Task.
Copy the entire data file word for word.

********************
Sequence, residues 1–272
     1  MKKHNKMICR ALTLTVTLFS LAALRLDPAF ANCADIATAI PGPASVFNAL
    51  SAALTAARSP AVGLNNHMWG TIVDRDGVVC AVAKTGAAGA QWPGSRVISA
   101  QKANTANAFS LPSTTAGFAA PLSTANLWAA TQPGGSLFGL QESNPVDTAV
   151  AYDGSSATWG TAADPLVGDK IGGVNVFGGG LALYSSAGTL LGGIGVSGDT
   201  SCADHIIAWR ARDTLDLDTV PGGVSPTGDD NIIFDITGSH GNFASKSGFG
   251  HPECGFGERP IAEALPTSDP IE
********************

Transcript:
Sequence, residues 1–272
     1  MKKHNKMICR ALTLTVTLFS LAALRLDPAF ANCADIATAI PGPASVFNAL
    51  SAALTAARSP AVGLNNHMWG TIVDRDGVVC AVAKTGAAGA QWPGSRVISA
   101  QKANTANAFS LPSTTAGFAA PLSTANLWAA TQPGGSLFGL QESNPVDTAV
   151  AYDGSSATWG TAADPLVGDK IGGVNVFGGG LALYSSAGTL LGGIGVSGDT
   201  SCADHIIAWR ARDTLDLDTV PGGVSPTGDD NIIFDITGSH GNFASKSGFG
   251  HPECGFGERP IAEALPTSDP IE